You don't need to remember a ton of specifics before heading to the grocery store or farmers market. Some signs of freshness are unique to specific produce, but these will become second nature.

Use all of your senses. 
How does the item look, feel and smell? Look for a smooth exterior and vibrant colour; avoid produce with bruises and discolouration. Feel the produce carefully, taking care not to damage it. Over time, you can learn which items should be firm, and which should give slightly when pressed with a finger. Use your nose. If the nectarine doesn't smell sweet, it won't taste sweet (this is often more applicable to fruit). Sometimes you can taste before you buy, especially at a farmers market.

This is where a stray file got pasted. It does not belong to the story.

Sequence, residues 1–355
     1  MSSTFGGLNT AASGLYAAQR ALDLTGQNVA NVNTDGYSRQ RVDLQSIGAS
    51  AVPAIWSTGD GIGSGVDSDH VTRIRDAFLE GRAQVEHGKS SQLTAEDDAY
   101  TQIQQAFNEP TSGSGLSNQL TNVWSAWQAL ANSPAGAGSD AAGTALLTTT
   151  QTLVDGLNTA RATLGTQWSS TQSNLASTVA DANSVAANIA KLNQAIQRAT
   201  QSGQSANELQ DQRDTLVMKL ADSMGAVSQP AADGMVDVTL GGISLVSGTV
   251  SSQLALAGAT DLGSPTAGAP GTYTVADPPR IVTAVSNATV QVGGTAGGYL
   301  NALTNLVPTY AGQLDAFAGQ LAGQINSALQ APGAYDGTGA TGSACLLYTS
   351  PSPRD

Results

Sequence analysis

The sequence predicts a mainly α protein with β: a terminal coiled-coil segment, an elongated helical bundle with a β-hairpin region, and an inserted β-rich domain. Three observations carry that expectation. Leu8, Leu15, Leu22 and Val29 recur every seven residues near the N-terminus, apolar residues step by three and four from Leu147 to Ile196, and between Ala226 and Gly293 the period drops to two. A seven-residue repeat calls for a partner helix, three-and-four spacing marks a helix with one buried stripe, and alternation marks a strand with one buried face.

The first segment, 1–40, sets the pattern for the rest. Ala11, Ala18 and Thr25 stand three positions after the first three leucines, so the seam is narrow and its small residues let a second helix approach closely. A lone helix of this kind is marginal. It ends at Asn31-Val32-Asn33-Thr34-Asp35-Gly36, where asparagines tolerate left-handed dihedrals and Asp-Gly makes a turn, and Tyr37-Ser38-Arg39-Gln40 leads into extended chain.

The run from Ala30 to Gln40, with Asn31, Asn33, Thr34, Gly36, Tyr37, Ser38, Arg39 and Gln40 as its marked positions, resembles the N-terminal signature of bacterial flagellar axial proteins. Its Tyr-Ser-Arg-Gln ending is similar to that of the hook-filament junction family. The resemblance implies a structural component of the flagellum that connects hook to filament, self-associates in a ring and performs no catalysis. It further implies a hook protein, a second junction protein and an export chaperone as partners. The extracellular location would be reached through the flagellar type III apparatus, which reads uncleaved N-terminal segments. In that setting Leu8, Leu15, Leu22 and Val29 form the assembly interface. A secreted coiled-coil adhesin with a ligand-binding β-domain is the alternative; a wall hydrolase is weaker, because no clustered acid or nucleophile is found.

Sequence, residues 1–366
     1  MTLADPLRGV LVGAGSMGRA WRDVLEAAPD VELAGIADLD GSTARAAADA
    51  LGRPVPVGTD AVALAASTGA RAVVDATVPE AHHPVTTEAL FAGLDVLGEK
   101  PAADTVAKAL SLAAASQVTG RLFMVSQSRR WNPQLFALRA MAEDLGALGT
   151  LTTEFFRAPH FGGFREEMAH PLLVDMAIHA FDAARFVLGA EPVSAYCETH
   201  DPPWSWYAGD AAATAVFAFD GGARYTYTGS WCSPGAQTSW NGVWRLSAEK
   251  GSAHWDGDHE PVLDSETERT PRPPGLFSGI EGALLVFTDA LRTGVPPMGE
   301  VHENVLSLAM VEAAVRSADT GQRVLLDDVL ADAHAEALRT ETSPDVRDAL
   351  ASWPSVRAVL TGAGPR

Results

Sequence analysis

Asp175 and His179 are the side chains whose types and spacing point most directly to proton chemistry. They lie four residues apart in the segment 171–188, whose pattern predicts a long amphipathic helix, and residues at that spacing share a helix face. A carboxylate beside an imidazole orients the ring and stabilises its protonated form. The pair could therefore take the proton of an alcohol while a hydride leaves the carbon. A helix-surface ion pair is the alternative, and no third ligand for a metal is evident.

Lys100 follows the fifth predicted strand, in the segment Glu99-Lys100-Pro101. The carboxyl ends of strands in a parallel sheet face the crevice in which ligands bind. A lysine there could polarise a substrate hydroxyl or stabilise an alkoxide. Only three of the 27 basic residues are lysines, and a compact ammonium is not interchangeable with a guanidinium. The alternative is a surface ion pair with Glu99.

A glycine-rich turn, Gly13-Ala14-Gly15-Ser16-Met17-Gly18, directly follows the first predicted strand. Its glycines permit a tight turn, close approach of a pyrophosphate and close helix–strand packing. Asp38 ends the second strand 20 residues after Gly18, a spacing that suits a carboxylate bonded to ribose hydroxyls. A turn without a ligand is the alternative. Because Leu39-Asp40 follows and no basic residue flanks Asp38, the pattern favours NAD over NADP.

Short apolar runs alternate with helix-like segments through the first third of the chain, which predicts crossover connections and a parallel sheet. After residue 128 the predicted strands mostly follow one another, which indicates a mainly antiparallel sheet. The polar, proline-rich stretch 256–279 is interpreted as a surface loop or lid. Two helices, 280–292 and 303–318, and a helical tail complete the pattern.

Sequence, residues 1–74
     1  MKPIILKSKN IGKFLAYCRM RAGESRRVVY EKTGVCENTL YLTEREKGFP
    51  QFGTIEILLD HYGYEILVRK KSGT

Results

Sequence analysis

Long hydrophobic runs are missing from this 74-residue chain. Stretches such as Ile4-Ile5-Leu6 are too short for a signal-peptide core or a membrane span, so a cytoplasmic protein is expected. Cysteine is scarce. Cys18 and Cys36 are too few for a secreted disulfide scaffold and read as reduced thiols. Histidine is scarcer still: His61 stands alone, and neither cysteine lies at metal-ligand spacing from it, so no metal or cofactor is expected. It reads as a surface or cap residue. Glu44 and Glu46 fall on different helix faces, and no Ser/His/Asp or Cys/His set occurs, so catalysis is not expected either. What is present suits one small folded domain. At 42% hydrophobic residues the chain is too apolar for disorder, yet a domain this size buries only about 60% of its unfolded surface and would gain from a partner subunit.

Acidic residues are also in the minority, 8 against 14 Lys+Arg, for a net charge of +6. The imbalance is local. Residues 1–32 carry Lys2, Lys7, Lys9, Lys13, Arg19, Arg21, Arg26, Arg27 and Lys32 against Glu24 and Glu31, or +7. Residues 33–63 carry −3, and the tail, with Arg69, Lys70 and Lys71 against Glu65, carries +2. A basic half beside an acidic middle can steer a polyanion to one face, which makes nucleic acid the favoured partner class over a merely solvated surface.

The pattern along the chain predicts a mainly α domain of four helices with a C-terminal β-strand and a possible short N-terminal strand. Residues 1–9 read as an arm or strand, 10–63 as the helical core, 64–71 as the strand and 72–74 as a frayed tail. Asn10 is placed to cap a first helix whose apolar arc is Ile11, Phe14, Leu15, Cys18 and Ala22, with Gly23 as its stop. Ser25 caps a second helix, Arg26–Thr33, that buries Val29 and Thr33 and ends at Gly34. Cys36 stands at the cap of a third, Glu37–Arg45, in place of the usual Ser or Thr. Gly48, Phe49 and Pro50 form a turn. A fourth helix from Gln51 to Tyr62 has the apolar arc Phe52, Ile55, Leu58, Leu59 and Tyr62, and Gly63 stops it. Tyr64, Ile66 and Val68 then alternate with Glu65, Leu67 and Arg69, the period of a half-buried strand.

Avoid bagged, boxed and prepackaged items. 
It's hard to use your senses when there's a barrier between you and the produce. Also, rotting items that might not be visible can cause the other produce to spoil faster. "One bad apple will spoil the whole bunch," as they say.

Buy locally, in season
Seasonal produce will vary by region and be the freshest things available. Fruits and vegetables that have to travel across the country are often picked before they're ripe. Fresh equals flavour.

Ask questions. 
Don't be afraid to try before you buy at the farmers market. If the produce looks old at the grocery store, ask an employee to bring you better options from the stockroom.

The Washington POst